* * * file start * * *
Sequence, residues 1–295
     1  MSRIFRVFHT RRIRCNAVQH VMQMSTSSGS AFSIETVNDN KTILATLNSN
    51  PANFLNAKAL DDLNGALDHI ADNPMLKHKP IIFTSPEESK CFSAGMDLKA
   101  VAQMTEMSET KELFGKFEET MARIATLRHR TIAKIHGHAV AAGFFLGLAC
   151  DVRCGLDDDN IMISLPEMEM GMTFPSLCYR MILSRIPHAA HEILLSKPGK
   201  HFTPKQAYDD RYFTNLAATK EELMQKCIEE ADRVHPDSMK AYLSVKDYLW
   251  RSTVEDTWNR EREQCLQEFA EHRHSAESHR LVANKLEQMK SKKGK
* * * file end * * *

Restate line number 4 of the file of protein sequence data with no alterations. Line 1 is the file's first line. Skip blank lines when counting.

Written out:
   101  VAQMTEMSET KELFGKFEET MARIATLRHR TIAKIHGHAV AAGFFLGLAC